This leads to one final question that needs to be asked and discussed.  What happens when the “hard” trend starts fading or when the market becomes glutted with the stuff.  Because both of those economic factors will happen.  The supply and demand will find their equilibrium and it will be lower.  Will making the “hardened” beverage still be worth it in those circumstances?  Or will your brewery already be onto the next trend?

…and So Can Writers

Like Hollywood, where one bad volcano movie begets another or a Sharknado leads to The Meg, beer writers fall into the follow the next tiny topic off the cliff all to easily.

The latest is the “Exploding Can” coming to a ‘fridge near you! You need to say that last bit in the movie trailer voice.

I have not had an exploding can nor a bottle in 2018. For that matter, I haven’t had a gusher since 2017 and that was from a corked and caged bottle. And looking back at my drinking history (yes, I keep one but that is a different post topic), I haven’t been a slouch in the drinking department. I certainly haven’t played it safe.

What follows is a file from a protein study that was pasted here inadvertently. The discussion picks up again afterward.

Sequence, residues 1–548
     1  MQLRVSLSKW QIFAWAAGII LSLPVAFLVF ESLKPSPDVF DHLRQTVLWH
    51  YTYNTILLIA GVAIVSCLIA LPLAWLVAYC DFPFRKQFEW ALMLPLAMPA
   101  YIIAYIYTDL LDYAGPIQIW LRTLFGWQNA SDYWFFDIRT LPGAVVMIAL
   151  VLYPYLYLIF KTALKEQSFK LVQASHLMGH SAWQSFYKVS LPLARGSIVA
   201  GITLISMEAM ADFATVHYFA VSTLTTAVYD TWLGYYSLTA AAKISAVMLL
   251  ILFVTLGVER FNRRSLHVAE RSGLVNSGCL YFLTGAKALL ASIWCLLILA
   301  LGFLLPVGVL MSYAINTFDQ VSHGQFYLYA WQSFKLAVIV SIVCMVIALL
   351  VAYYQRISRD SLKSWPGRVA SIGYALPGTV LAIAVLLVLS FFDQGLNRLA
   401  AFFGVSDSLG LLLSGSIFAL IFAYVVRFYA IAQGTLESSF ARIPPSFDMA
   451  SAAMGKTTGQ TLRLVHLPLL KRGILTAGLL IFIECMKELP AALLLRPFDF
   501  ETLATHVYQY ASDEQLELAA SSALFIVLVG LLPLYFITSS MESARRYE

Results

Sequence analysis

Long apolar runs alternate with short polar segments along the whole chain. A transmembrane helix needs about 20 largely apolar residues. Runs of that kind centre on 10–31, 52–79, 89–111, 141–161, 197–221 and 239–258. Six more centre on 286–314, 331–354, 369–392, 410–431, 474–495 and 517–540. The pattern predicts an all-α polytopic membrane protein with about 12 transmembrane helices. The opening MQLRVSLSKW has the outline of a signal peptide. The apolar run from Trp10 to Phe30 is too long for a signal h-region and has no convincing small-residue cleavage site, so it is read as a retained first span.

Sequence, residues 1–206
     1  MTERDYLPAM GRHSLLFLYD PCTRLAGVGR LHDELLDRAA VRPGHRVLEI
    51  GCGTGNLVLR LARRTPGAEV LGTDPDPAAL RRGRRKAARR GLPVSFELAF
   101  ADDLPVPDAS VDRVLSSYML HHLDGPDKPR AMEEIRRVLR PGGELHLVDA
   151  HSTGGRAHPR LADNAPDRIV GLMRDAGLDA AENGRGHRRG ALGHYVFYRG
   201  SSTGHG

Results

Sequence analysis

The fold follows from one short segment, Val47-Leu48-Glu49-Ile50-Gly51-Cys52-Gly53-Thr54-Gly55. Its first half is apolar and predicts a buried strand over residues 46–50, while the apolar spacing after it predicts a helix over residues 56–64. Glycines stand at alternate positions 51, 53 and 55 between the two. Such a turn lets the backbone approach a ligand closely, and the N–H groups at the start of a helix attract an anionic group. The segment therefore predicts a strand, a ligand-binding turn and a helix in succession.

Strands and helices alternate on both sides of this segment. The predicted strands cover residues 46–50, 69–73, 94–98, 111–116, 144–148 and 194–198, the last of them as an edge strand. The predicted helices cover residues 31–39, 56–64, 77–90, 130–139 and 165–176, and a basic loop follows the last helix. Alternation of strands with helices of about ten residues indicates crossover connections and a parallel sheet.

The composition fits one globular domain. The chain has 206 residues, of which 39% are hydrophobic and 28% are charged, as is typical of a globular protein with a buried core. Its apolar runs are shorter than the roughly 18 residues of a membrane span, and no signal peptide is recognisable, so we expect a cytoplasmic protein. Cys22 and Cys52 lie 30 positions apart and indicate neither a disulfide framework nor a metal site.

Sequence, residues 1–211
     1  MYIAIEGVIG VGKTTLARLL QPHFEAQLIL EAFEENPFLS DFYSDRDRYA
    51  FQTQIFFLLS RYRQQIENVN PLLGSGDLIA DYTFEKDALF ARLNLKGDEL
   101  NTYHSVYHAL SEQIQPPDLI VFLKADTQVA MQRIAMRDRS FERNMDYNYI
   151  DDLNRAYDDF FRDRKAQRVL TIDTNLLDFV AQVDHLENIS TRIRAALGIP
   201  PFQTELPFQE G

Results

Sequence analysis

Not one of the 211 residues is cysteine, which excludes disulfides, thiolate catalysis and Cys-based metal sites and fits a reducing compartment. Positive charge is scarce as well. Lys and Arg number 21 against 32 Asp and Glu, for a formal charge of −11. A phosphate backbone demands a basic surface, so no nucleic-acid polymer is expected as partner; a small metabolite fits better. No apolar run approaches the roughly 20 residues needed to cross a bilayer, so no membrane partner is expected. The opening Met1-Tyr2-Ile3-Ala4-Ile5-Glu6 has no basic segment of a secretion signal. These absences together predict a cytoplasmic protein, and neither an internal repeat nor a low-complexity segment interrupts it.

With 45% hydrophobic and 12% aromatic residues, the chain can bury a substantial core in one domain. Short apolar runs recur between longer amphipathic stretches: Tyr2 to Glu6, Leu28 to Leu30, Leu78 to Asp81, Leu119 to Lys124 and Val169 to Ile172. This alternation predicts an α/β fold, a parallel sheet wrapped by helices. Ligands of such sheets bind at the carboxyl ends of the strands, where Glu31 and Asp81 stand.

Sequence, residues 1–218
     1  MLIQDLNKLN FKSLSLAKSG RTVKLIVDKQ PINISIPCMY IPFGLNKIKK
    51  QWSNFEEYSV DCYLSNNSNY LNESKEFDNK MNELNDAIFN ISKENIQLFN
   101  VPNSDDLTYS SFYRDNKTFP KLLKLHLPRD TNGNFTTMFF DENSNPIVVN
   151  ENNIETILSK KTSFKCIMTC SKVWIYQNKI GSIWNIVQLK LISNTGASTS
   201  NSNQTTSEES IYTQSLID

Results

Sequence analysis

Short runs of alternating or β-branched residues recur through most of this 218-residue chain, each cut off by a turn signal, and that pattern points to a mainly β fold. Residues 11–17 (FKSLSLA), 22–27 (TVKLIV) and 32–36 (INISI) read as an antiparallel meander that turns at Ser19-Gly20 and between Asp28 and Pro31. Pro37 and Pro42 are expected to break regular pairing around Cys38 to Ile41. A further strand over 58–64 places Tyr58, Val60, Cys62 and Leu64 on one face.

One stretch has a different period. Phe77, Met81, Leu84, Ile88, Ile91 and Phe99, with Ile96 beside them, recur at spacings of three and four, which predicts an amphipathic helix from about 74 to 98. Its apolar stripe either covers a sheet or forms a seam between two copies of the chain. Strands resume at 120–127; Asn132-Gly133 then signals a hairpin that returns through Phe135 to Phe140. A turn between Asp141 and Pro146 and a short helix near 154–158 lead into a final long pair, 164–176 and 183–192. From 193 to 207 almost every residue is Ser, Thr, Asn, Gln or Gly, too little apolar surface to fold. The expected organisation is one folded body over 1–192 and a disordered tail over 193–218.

Now, I haven’t gotten any word on how many cans or bottles have done this nor do I know how you would nail down those statistics but it is another proof, to some in beer world that independent beer is not taking quality seriously.

This is usually followed by the old bromide that the macro beers should be cited for their quality control measures when, in fact, it is simply consistency control. If they could make and sell an even more flavorless beer for cheap, they would. Where is the quality there? Yes, most small breweries don’t have a QC staff. Yes, imperfect beers get by or are allowed by but I posit that, that is OK and that a good percentage of the people drinking craft beer have a tolerance level built in to their opinions. Quite frankly between buying a QC lab or buying health care for employees, I woul say, take the latter.